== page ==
“The trip went very, very well. That route was a little bit easier to follow than this route (TransAmerica Trail) that I just finished and completed because, as I tell people, I just needed to keep the ocean on the right-hand side. When it was on the right-hand side, I knew I was on the right path. When I went far enough that I didn’t see the ocean, I knew I was not on the right path,” Oracion said.

With this positive experience, Oracion looked forward to his next goal, mostly because he wanted to see more of the U.S. “I hadn’t been to the northern states,” he said. “I knew I hadn’t been to certain northern states like Minnesota, Wisconsin; I couldn’t remember if I ever had been to the Dakotas, at least not enough to remember, so that was something where I thought, I could get out, see some beautiful country. Why not across the U.S.? Not only that, but the TransAmerica (Trail) — as far as cycling goes — if you are in the United States, that’s something to do if you want to get out and spend a couple or three months on a bike. Traditionally, that is what people will set themselves up for.”

With this second tour, and having had three years since the first, Oracion prepared himself more thoroughly. “There is a nonprofit organization called Adventure Cycling (Association), they are out of Missoula (Montana), and they have maps of over 40,000 miles all over the world. They are really nice. They give a specific route based on traffic, so you are avoiding a lot of busier highways and roads and then they tell you where lodging is, where services are,” Oracion said.

The association was established in 1973 as Bikecentennial. According to its website, it started with Dan Burden, Lys Burden, Greg Siple and June Siple, who accomplished their first bicycle tour from Anchorage, Alaska to southern Mexico, which was featured in National Geographic Magazine’s edition of May 1973. The association has 52,000 members and incorporates today in its route network 48,608 miles of bicycle routes across the U.S. The association is in the midst of working with the government to create an official national cycling route network.

With all these preparations, Oracion was ready to start his endeavor, but no matter how much one prepares, there will always be unexpected challenges. Asked what his biggest challenges were for the TransAmerican Trail, he said, “I was self-contained so I had a tent — I have no problems tent camping — I like tents, but there are times when you like a nice warm bed and a shower, get some laundry done, things like that. What sticks in my mind, every morning: It was not preplanned where I was going to be. I didn’t know where I was going to be every night; didn’t know how many miles I was going to do. Even if you planned from day one, if you had weather, mechanicals (problems), everything is thrown out of the window. So I thought, no, don’t plan on it. It worked well for the Pacific coast as well.

“In the morning — whether I was breaking tent from my camp or leaving a host family that put me up or leaving a motel — I already had to start planning where I am going. Am I going to tent camp tonight? How far am I going to make it? If I am staying with a host, I need to start contacting someone who can host me. The towns I am going to — will there be lodging or motels? That really sticks out in my mind. That was my biggest concern every morning,” Oracion said.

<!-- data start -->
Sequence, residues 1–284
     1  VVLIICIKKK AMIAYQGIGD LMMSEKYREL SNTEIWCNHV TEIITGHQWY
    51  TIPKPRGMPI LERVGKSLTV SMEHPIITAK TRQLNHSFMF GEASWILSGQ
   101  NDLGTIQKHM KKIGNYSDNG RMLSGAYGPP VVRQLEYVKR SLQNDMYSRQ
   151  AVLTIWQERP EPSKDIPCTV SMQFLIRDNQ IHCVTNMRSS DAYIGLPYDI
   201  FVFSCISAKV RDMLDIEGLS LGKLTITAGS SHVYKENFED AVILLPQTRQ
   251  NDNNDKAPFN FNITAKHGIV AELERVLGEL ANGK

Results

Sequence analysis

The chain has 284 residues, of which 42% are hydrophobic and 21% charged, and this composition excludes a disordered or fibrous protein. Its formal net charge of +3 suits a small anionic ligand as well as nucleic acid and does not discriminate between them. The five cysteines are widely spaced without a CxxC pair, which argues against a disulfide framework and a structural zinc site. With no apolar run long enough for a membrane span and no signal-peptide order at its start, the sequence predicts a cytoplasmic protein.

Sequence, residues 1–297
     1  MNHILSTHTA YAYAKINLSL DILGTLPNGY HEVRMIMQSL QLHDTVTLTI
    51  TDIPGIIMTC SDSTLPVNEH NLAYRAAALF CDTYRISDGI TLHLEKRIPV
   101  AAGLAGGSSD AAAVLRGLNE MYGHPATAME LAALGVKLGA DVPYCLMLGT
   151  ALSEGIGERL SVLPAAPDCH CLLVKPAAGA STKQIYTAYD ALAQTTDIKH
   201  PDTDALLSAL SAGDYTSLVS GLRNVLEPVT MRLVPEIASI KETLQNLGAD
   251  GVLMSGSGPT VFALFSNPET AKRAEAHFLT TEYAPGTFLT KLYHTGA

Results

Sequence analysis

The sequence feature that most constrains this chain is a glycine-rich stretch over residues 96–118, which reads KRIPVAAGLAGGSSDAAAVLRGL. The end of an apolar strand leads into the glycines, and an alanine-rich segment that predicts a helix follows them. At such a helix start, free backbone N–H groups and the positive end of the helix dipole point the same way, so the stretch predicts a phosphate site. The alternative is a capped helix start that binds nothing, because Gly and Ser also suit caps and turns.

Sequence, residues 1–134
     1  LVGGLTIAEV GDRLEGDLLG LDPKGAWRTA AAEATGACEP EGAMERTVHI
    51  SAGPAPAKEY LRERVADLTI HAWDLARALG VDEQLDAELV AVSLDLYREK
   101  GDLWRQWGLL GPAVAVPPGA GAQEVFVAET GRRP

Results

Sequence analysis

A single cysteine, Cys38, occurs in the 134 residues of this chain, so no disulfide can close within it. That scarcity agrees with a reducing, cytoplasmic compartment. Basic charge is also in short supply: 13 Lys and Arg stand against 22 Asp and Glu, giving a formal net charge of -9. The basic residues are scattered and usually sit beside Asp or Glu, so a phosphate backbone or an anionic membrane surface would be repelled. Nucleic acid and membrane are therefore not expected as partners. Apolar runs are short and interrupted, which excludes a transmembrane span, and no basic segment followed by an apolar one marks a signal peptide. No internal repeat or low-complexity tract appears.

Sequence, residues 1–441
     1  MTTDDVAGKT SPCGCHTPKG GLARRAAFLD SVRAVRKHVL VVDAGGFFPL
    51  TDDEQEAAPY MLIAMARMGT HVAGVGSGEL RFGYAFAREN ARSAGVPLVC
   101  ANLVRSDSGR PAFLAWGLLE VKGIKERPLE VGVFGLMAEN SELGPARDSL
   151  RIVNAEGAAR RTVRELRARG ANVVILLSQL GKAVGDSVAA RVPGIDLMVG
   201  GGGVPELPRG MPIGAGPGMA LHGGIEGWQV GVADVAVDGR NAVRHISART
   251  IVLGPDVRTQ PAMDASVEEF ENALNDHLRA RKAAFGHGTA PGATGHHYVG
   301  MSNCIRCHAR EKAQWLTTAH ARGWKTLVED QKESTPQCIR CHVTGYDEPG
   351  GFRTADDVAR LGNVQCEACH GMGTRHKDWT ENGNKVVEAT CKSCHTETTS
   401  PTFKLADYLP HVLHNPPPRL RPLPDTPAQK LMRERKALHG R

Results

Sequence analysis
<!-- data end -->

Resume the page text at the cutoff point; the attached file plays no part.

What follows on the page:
Fortunately, and due to the routes he chose, Oracion had no accidents with cars or problems with traffic. However, when nature is involved, every turn of a curve can bring new challenges.

“I went through a couple of areas in Montana and South Dakota — they had an infestation of white-tailed deer. There were times — especially at dusk — when I was riding that these deer would run out in front of me, but nothing that was hair raising. I had to be on the lookout for deer and then there were the occasional little snakes that were on the trail. I didn’t know if they were venomous. I had one little one, he was really mad. When I went by, he was striking at me. I gave him a little bit of space,” Oracion said and laughed.

Oracion saw nature in its purest form, but because he traveled alone with a tent, there were some obstacles that hadn’t occurred to him during the planning phase.

“I left Yellowstone (National Park) through the northeast entrance. I came into a little town called Cooke City (population 75). I had ridden through that park during the day and had enjoyed it. It was later that day — it was starting to get dark at 6:30 p.m. — I had an hour of daylight left and I really wanted to figure out where I would camp that night.

“I was checking out some campsites and found out that they had only hard-sided campsites, meaning no tents. That was because it was grizzly bear country. The general store owner said, ‘Yeah, 10 years ago, a grizzly pulled some guy out of a tent and killed him.’ So, they were not allowing that,” Oracion said.

Hearing that, Oracion asked other locals who told him that the nearest campsite where he could tent was 50 miles further east. “I spoke to a waiter at one of the restaurants there,” Oracion said. “He said, ‘Go down to the baseball fields, you can camp there. We had a big cyclist group a few weeks ago, they all camped in there. You won’t have any problems.’ So that’s exactly what I did.

“I went and put my tent up in the field. At least I would hear the grizzly climbing over the fence and give me the chance to run across the field,” Oracion said.

According to the National Park Service, a grizzly bear can reach top speeds of up to 35 miles per hour, faster than any horse, for 50- or 100-yard sprints. This means 50 yards are covered in only three seconds.

To be continued.